I've been struggling with my kitchen chairs lately. I know, a silly thing to struggle with, but nonetheless, I have found myself thinking about them at odd moments, then suddenly feeling irritated. Like when you wake up from a nice sleep and remember something crappy that happened that day. My kitchen chairs are haunting me. But mostly only when I walk into the kitchen.
They are all three different. The black one was from freecycle last year, and we even lugged it down here from Idaho. The metal "church chair", I purchased from Deseret thrift store for $3, and the wooden chair was donated to the yard sale last month. Nobody wanted to buy it because it was broken, kinda dirty, and ready to be dumped. Therefore, it is now in my kitchen.
So, why don't I just go kitchen chair shopping? I could scour the thrift stores for a week, check craigslist, go yard sailing, and probably end up with a nice, matching set for under 50 bucks. But, I won't do it.
I won't do it because every time I think about buying new chairs, I am reminded about my new perspective.
When I traveled to Southeast Asia 9 years ago, I was 21 years old, and ready for adventure. I flew into Bangkok to meet up with some friends. All we had was the backpacks on our backs, our passports, and enough currency to get us food, lodging and buses. We ventured down through Thailand, across the border to Malaysia, then caught a ferry across the ocean to Jakarta, Indonesia. Along the way we sailed out to different surrounding islands, slept in bungalows, swam in beautiful lakes and oceans, tried new, exotic foods, and met other foreigners traveling just like us. It was definitely an adventure, with unforgettable stories, which I have kept safe in my traveling journal to remember forever.
It was just like I wanted!
But what I didn't realize was that this adventure would change me forever, influencing my life for years to come, in ways I never imagined.
Along the way I saw many things I'd never seen; people living and doing things I'd never witnessed before. Cultures that were so different from mine, and almost incomprehensible to me. I remember being constipated for 7 days straight because I couldn't figure out how to use the bathrooms in Malaysia. I still don't think I know how. (A hole in the ground, a bucket of water, and a cup???) I remember seeing entire villages of houses in Indonesia made out of metal and cardboard, with one, big Karaoke machine in the middle. We would always stop and watch all the kids singing karaoke in their underwear and flip flops. They were always laughing hysterically at one another, as they belted out American tunes they didn't understand.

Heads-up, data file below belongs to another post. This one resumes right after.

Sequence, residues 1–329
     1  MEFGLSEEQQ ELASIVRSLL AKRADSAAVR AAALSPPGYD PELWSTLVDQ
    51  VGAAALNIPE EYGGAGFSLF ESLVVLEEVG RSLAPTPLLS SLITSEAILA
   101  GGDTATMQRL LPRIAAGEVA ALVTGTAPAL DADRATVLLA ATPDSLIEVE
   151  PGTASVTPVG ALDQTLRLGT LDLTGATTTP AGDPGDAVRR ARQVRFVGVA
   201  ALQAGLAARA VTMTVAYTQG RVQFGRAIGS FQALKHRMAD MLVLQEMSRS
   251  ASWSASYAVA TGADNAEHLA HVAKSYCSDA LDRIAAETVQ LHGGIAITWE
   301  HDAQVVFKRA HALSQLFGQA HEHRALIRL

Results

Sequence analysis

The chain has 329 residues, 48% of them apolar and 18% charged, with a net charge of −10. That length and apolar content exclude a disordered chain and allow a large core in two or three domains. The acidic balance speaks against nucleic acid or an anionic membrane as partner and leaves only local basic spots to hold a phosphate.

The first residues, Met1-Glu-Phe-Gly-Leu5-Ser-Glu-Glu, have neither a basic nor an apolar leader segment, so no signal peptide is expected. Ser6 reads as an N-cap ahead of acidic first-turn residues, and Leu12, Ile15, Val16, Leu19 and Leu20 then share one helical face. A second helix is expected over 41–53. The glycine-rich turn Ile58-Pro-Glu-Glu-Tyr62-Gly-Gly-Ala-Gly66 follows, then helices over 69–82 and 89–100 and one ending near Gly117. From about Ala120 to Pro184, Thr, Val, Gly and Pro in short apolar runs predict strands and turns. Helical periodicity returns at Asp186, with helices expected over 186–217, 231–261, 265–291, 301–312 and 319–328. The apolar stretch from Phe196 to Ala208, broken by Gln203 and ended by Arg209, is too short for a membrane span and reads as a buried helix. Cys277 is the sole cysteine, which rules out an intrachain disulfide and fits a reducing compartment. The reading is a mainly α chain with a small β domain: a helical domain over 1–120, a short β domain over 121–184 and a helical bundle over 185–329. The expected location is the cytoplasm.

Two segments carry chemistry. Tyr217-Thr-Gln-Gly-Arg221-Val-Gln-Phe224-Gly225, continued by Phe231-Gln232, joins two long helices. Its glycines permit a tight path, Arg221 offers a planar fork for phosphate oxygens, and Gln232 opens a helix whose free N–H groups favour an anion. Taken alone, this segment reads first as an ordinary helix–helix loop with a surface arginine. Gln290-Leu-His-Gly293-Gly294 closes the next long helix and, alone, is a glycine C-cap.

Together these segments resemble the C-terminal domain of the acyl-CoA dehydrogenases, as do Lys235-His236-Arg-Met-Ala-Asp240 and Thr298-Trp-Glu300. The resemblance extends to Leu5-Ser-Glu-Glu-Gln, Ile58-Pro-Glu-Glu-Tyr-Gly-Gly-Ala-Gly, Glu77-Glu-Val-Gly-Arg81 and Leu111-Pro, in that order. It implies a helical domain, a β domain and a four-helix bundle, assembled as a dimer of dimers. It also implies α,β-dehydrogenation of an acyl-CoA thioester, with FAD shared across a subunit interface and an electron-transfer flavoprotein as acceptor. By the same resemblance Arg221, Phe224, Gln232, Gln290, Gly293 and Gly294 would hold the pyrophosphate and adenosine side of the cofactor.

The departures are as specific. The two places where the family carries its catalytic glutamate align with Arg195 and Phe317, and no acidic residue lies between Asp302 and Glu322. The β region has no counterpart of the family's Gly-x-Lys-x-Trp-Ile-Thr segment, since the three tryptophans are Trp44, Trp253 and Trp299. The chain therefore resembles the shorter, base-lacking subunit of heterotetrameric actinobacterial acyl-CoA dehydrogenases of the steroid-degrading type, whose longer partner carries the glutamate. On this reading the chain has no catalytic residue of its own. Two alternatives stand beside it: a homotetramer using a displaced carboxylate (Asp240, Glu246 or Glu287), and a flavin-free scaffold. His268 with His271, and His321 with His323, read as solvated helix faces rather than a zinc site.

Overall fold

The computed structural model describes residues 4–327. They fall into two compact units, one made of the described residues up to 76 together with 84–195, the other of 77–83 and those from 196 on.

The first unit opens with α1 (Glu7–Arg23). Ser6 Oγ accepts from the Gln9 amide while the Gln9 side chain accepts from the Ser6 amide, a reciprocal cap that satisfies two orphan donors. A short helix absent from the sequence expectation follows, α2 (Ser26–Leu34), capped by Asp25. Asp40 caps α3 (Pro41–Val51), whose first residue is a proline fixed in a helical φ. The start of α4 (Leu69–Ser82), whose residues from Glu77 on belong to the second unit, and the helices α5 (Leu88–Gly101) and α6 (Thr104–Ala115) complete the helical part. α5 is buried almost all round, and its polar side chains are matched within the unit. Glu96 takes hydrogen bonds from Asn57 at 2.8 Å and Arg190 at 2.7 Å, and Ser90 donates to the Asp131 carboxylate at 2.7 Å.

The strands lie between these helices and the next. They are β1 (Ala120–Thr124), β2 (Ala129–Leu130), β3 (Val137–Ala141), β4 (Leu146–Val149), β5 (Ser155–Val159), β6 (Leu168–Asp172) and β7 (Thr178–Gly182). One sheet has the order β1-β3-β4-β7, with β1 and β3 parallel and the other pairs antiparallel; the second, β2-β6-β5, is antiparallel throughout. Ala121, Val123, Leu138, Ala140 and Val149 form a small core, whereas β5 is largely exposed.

I remember vividly, hearing the loud call of the Muslim prayers, as each man and woman bowed down to the East on Jakarta. I remember feeling exposed and shameful, when someone asked me to please cover my arms, out of respect for their religion. I remember snorkeling in an oceanic coral reef, with sea snakes and puffer fish, and the most beautiful and exotic sea creatures I've ever seen!
But, what changed me most was feeling like I was insignificant beyond measure. It was like I suddenly saw this huge world out there, filled with millions of people, and I felt like nothing. It was a huge blow to my self esteem, to my understanding of who I was and where I fit in, to my understanding of what my purpose was in this world?? I don't know why I felt this way, but I spent quite a few nights alone in my bungalow on Ko Samui island, searching for answers. With laughter all around me from foreigners on holiday, I must have looked like a miserable outcast.